Bass Lake Preserve
Photo by Aaron Carlson
Situated within a landscape of gently rolling pitted outwash, Bass Lake Preserve contains a small, 15-acre, undeveloped soft-water seepage lake, which still retains wilderness characteristics. The lake is slightly alkaline with the light brown water of moderate transparency, has a maximum depth of 20 feet, and contains a largemouth bass and panfish fishery. Surrounding the lake is a narrow band of conifer bog of black spruce and tamarack with some white cedar and alder found in the wetlands.
The bog supports a wide range of plants including seven-angled pipewort, moccasin flower and pitcher plant. The conifer bog rises to uplands that are covered by a second-growth northern mesic forest of sugar maple and hemlock. These vary in quality with a few stands of old-growth hemlock and super-canopy white and red pine scattered throughout. Other trees include yellow birch, red pine, white pine, jack pine, red maple and red oak. Birds present include raven, red-breasted nuthatch, pine grosbeak and osprey. Bass Lake Preserve is owned by The Nature Conservancy and was designated a State Natural Area in 1986.
Very few State Natural Areas have public facilities, but nearly all are open for a variety of recreational activities as indicated below. Generally, there are no picnic areas, restrooms, or other developments. Parking lots or designated parking areas are noted on individual SNA pages and maps. Trails, if present, are typically undesignated footpaths. If a developed trail is present, it will normally be noted on the SNA map and/or under the "Recreation" tab. A compass and topographic map or a GPS unit are useful tools for exploring larger, isolated SNAs.
The good majority of SNAs are isolated and have few or no facilities. Some SNAs have vehicle access lanes or parking lots, but their accessibility may vary depending on weather conditions. Parking lots and lanes are not plowed during winter. Hiking trails may be nonexistent or consist of undeveloped footpaths. A GPS unit or compass and a detailed topographic map are useful tools for exploring larger SNAs.
Entrance fees: For non-DNR-owned SNAs, we are unaware of any vehicle or admission fees. However, please contact the landowner for more information.
Hunting and trapping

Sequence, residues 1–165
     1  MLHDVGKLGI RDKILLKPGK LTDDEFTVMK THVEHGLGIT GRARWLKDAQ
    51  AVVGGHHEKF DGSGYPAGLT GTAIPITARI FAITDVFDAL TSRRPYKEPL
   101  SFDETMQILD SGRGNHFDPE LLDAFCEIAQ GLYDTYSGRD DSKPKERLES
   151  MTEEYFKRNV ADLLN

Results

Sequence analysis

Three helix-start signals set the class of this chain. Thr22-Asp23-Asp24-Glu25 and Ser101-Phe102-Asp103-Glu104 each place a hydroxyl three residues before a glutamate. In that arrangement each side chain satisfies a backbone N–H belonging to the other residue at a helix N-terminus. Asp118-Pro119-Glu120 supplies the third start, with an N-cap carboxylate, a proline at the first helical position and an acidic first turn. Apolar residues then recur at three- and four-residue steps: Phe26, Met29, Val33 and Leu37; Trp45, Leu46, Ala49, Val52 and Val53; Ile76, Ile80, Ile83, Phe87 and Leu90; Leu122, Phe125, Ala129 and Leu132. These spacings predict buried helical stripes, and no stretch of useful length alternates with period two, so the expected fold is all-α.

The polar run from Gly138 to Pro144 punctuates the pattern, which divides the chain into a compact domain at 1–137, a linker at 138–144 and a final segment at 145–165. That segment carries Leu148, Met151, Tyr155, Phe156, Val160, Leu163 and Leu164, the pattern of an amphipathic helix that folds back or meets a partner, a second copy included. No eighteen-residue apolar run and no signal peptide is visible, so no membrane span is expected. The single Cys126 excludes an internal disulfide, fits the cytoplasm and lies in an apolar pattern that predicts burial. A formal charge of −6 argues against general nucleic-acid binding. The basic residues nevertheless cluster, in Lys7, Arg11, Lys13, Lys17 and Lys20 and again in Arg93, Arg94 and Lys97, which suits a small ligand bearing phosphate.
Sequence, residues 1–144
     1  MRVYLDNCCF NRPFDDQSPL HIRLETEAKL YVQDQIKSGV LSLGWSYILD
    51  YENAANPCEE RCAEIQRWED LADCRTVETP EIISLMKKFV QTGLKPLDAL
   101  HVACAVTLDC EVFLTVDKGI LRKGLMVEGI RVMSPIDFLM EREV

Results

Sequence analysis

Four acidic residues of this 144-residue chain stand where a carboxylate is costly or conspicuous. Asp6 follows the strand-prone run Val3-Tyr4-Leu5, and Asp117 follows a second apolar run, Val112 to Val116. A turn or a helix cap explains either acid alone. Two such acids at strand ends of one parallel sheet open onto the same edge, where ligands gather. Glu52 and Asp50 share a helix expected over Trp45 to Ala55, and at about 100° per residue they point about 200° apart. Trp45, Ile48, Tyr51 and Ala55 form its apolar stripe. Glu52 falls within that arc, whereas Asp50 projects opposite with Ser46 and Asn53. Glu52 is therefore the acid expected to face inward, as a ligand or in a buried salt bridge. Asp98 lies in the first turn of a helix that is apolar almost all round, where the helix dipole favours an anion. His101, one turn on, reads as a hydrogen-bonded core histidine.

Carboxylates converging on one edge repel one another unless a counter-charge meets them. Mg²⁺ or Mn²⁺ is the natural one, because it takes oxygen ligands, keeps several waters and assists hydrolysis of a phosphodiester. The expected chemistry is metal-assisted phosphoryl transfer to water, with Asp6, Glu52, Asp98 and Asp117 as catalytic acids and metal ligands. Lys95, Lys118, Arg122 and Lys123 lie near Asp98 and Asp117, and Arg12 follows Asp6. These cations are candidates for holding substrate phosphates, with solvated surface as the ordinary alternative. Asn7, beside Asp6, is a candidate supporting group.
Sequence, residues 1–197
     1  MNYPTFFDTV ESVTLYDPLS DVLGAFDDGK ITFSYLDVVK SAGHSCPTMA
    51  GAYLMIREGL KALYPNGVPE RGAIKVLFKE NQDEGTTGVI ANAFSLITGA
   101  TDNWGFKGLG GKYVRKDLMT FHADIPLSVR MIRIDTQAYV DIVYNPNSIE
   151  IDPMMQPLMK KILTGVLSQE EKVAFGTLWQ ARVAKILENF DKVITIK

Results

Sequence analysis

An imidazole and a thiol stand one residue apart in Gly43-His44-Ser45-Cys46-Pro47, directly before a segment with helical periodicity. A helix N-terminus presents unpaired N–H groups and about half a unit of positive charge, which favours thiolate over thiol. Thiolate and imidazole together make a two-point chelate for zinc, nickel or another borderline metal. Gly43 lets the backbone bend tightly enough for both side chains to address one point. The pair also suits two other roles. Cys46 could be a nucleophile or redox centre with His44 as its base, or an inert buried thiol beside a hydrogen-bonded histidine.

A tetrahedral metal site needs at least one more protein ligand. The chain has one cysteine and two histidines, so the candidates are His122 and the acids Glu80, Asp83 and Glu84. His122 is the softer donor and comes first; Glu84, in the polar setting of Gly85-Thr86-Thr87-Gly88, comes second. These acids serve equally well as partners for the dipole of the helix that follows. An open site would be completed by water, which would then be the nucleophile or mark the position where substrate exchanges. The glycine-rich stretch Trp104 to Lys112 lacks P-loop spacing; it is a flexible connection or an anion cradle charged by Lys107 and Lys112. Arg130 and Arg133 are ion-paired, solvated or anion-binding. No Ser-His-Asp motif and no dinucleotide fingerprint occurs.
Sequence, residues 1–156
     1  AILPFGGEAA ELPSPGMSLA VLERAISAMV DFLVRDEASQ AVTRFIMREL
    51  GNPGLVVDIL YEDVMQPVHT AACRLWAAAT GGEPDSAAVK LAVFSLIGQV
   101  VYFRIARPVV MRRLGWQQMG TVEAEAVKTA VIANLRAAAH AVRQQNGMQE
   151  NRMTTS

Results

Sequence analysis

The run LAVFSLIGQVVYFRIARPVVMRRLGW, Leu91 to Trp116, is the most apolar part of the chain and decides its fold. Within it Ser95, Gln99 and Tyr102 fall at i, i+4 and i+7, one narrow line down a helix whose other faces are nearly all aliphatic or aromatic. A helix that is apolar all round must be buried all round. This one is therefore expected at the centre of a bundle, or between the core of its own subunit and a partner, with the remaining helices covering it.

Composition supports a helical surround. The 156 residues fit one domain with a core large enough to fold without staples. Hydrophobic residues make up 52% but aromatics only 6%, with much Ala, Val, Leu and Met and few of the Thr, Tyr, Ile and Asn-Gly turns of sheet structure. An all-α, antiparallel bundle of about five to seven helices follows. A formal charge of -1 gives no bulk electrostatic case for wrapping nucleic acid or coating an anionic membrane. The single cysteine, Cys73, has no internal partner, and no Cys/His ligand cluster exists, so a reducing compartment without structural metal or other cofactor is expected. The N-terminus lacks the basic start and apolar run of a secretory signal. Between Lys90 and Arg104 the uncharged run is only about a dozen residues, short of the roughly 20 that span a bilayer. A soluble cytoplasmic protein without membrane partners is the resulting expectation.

This preserve is open to deer hunting: See more [exit DNR]
Other allowable activities such as - but not limited to camping, geocaching and bicycling are determined by the landowner. Please contact them directly or visit their websites for details.
Iron County. T41N-R4E, Section 29, 30, 32. 841 acres.
From the intersection of State Highways 47 and 182, about 4 miles south of Manitowish, go south and west on Highway 182 for 7.1 miles, then east and south on Ferry Road for 1.5 miles, then east and south on Bearskull Road for 2.2 miles, then north on Randall Lake Road 0.5 mile to the entrance road and gate. Walk 0.5 miles into the site.
The DNR's state natural areas program is comprised of lands owned by the state, private conservation organizations, municipalities, other governmental agencies, educational institutions and private individuals. While the majority of SNAs are open to the public, access may vary according to individual ownership policies. Public use restrictions may apply due to public safety, or to protect endangered or threatened species or unique natural features. Lands may be temporarily closed due to specific management activities.
Users are encouraged to contact the landowner for more specific details. The data shown on these maps have been obtained from various sources, and are of varying age, reliability, and resolution. The data may contain errors or omissions and should not be interpreted as a legal representation of legal ownership boundaries. To create your custom map where you can zoom to a specific location, please use the DNR's Mapping Application
Bass Lake Preserve is owned by: The Nature Conservancy